Early age of sexual debut is associated with an increase in negative outcomes, including higher incidence of nonconsensual sexual experiences, higher rates of sexually transmitted infections, and risky sexual practices. Little research has examined the role of parental psychopathology as a predictor of adolescent sexual activity, however. The current study aims to close this gap by examining the relationship between parental psychopathology and sexual activity in a longitudinal sample of youth. Participants were 685 adolescents from the Longitudinal Assessment of Manic Symptoms study, the majority of whom were male (67%) and White (65%). Analyses considering likelihood of sexual initiation included the full sample, whereas analyses considering predictors of the age of sexual debut included the 162 participants who reported ever having sexual intercourse (62% male, 51% White) via the Youth Risk Behavior Surveillance–High School version. Cox regression analyses suggested that maternal generalized anxiety disorder predicted decreased likelihood of initiating sex during the 8-year follow-up period, whereas paternal conduct disorder predicted increased likelihood of initiating sex. Multivariate linear regressions also showed that maternal conduct disorder predicted earlier age of sexual debut among those who had initiated, whereas paternal antisocial personality disorder predicted later age of sexual debut. These associations were observed in both male and female adolescents. Furthermore, these effects were largely not explained by the established relationship between youth psychopathology and sexual behavior. Results have implications for interventions aimed at decreasing sexual risk taking in vulnerable youth.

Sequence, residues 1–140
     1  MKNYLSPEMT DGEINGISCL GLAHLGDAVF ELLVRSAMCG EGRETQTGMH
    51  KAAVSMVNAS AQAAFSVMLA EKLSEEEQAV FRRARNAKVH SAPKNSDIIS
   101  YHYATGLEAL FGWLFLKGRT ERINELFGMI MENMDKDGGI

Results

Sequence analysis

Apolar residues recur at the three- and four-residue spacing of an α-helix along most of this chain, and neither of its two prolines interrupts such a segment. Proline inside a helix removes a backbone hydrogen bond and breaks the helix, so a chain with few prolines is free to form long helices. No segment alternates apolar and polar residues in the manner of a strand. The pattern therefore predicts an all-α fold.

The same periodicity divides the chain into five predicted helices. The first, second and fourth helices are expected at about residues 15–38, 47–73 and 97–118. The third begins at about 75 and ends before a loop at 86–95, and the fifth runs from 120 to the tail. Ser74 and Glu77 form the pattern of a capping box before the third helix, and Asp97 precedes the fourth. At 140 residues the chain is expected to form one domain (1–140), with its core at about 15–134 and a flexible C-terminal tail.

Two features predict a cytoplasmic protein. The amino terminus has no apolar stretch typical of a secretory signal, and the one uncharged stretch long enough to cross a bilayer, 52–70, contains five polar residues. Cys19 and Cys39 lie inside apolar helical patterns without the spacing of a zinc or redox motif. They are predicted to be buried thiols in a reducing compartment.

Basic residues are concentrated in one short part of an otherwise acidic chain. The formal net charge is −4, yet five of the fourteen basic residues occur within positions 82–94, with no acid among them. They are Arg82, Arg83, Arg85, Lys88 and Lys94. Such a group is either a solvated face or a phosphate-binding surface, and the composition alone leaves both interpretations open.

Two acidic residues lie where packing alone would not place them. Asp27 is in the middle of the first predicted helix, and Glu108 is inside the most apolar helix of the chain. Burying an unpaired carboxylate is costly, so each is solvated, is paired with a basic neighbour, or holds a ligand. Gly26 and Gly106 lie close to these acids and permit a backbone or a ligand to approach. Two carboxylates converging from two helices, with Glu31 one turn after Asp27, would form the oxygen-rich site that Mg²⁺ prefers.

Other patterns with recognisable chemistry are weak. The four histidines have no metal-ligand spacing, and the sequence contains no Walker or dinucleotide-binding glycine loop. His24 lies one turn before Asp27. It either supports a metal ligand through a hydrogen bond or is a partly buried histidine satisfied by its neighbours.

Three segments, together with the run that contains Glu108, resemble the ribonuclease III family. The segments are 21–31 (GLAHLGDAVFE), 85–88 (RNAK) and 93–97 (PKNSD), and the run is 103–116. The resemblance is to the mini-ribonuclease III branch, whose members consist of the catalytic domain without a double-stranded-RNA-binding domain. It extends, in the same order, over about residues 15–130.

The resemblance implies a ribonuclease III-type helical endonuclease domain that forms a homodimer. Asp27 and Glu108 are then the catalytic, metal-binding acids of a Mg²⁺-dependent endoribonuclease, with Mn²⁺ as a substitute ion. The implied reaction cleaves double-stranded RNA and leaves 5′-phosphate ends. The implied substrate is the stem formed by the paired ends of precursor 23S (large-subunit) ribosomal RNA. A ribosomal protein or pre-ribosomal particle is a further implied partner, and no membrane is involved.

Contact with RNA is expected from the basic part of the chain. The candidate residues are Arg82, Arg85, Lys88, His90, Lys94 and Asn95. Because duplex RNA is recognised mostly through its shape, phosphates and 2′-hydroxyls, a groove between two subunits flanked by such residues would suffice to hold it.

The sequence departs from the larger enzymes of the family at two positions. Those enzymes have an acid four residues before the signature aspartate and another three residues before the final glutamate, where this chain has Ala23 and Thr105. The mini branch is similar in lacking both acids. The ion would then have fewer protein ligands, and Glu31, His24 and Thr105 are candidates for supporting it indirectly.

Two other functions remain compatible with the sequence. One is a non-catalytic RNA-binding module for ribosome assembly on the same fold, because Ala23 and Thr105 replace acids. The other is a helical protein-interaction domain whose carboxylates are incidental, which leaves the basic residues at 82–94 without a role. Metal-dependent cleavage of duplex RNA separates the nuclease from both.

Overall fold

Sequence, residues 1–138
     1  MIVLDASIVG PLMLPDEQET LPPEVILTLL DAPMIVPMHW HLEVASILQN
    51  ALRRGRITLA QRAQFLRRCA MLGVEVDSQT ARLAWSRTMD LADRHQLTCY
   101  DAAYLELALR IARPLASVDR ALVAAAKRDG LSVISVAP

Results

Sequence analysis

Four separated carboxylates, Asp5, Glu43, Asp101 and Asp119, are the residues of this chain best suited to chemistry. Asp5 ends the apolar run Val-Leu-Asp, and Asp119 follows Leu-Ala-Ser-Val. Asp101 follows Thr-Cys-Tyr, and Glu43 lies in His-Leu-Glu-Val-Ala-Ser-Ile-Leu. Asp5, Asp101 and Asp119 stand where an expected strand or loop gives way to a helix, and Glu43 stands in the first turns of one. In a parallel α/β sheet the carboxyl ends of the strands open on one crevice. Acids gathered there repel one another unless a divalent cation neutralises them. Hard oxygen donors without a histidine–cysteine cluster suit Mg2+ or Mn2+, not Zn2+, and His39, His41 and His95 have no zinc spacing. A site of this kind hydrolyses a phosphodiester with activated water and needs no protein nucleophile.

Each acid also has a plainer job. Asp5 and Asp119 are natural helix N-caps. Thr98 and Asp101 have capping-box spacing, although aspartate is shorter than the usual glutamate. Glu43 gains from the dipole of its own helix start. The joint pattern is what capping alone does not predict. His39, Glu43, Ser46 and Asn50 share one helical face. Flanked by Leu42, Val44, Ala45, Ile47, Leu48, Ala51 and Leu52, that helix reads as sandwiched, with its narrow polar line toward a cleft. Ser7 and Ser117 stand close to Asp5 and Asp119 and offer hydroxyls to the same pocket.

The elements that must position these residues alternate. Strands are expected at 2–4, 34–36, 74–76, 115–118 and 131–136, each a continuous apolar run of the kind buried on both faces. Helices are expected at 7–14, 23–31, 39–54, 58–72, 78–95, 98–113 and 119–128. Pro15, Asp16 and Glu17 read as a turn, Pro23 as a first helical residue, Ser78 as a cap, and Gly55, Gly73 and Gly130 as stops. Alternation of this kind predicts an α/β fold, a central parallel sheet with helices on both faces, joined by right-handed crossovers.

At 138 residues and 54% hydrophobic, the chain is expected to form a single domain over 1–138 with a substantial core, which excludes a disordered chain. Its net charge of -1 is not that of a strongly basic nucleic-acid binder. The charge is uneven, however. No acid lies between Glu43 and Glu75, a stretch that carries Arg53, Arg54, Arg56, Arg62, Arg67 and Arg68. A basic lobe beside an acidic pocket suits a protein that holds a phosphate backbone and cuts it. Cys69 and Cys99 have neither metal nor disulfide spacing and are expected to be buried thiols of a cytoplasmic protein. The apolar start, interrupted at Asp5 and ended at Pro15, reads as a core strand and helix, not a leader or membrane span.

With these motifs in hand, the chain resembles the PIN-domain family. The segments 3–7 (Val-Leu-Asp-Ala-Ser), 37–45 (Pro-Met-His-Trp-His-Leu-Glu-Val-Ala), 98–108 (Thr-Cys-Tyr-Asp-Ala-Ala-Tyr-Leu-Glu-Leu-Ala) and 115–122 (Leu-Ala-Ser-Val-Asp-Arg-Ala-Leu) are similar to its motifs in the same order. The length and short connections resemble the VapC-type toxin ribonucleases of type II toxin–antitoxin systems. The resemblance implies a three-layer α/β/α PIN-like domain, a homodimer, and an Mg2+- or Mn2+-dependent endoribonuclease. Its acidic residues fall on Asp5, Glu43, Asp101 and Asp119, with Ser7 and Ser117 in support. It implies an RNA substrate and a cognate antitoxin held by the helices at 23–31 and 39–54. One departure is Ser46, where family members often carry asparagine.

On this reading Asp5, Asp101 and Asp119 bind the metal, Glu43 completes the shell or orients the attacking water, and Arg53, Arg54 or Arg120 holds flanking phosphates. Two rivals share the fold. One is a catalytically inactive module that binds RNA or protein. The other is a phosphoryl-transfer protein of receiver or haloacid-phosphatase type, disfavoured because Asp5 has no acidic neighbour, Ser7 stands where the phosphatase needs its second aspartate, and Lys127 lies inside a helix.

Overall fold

|Original language||English (US)|
|Number of pages||10|
|Journal||Journal of Clinical Child and Adolescent Psychology|
|State||Published - Jan 2 2020|
ASJC Scopus subject areas
- Developmental and Educational Psychology
- Clinical Psychology